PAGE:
The fragments of plastic act like sponges for water pollutants and toxic chemicals. They absorb these toxins and carry them into the food web when ingested by marine life.

As plastic fragments break down, they take on water pollutants and toxic chemicals. The fragments then act like sponges for these toxins, absorbing them and carrying them into the food web when ingested by marine life.

Plastic is ingested by fish, which we eat. We’re eating plastic! It’s a strange thought to wrap your mind around, but it’s true: the environmental impacts of single-use plastics extend well beyond their use in packaging and disposables; they also impact our health as an entire human race.

Tiny microplastics also bind onto other chemicals such as persistent organic pollutants (POPs). POPs are harmful to marine life even at low concentrations and bioaccumulate through the food chain.

Microplastics are also often contaminated with a variety of chemicals such as POPs, which are harmful to marine life even at low concentrations. POPs bioaccumulate through the food chain, meaning that animals higher up in the food chain can accumulate high levels of POPs within their body.

POPs can be ingested by marine life when they mistake microplastics as food. This means that even if you're using biodegradable plastic or only eating seafood caught in clean waters, it may still contain these harmful chemicals if those plastics have been washed into the water column by pollution runoff or other means.

While this is not necessarily something you should worry about on your own (unless you're regularly eating seafood), it's good to know that some kinds of plastic cannot truly be considered "biodegradable" since they can bind onto other chemicals and become toxic themselves when released into our environment during decomposition processes like composting.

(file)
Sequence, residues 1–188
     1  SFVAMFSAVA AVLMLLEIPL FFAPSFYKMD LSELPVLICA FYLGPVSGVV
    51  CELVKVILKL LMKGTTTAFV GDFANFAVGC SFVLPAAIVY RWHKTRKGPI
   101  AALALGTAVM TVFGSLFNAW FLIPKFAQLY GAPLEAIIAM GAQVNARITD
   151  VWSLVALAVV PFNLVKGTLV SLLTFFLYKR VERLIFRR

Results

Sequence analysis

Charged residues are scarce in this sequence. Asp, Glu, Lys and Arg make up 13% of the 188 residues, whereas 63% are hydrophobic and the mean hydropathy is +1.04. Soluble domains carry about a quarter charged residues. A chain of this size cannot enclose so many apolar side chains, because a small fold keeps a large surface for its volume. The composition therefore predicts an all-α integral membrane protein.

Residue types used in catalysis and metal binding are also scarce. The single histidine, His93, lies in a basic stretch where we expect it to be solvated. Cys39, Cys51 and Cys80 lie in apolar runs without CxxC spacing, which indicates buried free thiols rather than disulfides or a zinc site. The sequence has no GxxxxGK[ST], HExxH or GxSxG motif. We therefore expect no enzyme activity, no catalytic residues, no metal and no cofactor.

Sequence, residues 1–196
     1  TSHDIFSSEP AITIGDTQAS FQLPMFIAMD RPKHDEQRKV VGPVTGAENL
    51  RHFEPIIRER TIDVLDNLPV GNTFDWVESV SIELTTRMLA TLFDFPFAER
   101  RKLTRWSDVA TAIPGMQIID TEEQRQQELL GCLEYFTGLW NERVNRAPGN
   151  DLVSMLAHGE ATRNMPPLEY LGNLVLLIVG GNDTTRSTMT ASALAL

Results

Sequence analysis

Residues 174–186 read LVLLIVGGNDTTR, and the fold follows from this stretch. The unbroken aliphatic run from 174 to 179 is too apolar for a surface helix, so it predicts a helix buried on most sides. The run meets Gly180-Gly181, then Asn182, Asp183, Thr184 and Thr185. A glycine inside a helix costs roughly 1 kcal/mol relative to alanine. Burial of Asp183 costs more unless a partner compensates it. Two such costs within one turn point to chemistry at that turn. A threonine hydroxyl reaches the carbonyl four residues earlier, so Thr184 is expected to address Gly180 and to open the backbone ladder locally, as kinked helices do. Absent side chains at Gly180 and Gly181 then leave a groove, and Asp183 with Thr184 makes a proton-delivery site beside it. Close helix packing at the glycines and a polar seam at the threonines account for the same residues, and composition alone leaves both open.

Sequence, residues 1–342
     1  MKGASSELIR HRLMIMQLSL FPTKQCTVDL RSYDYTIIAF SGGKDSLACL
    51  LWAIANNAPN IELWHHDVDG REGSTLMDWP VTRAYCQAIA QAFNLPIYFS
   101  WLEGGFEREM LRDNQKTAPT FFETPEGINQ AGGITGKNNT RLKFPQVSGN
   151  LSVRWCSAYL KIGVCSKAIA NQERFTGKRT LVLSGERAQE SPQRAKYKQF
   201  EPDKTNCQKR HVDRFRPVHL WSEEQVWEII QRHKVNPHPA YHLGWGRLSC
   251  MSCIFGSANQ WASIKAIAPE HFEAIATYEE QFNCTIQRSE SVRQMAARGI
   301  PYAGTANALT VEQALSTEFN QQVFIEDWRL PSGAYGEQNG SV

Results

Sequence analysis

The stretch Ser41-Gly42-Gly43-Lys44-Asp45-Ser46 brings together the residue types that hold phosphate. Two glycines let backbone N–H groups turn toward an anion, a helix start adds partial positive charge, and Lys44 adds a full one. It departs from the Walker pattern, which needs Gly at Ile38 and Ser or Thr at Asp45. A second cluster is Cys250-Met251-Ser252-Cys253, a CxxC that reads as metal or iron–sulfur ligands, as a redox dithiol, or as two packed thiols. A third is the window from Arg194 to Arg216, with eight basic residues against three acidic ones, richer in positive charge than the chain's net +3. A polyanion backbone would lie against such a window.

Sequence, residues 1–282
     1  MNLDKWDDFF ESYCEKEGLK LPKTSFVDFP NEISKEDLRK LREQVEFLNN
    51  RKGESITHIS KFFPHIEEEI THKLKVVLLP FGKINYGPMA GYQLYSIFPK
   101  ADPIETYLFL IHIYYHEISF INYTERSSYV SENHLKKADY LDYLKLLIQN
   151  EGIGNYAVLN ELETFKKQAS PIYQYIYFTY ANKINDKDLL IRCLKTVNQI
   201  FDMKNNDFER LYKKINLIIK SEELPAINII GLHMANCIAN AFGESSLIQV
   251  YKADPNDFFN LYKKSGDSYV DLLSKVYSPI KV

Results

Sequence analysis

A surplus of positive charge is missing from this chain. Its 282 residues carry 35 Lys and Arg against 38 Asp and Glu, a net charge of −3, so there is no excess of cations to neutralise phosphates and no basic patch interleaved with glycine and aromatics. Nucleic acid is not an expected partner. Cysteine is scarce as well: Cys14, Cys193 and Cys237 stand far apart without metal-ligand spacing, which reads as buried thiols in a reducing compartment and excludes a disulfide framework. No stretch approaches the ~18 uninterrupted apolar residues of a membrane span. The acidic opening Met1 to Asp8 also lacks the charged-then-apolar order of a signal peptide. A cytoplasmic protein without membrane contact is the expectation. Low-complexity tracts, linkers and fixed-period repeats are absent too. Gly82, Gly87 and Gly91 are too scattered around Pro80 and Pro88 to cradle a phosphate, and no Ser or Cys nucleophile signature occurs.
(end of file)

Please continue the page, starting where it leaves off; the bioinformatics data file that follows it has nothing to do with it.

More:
Single-use plastic packaging is designed primarily for the convenience of the manufacturer, not for consumers or the planet.

The first step in living plastic-free is to understand that single-use plastic packaging is designed primarily for the convenience of the manufacturer, not for consumers or the planet. The reality is that manufacturers are not concerned with your health, nor will they ever be. They care about profits, which means making their products as cheap as possible and selling them at a price point that maximizes profits by appealing to our most basic instincts: we want things that taste good and look appealing, no matter what they're made out of. Because it's so easy to get swept up in this way of thinking—after all, who doesn't want tasty snack foods?—it's easy to forget that there are other options available if you're willing to do some digging around on social media or read some articles online (which I hope you've done).

Using less plastic reduces how much goes into landfills and our oceans.

By reducing how much plastic you use, you can help to reduce the amount of plastic that ends up in landfills and the oceans. This will also reduce the amount of plastic that ends up in our food, water and environment.

We hope this article has given you some food for thought on how we can all make changes to our lives that will benefit the planet. The more people who do it, the better, because this is an issue that affects us all! Whether it's using reusable shopping bags or taking your own coffee cup when going out for coffee, there are plenty of ways to start living plastic free.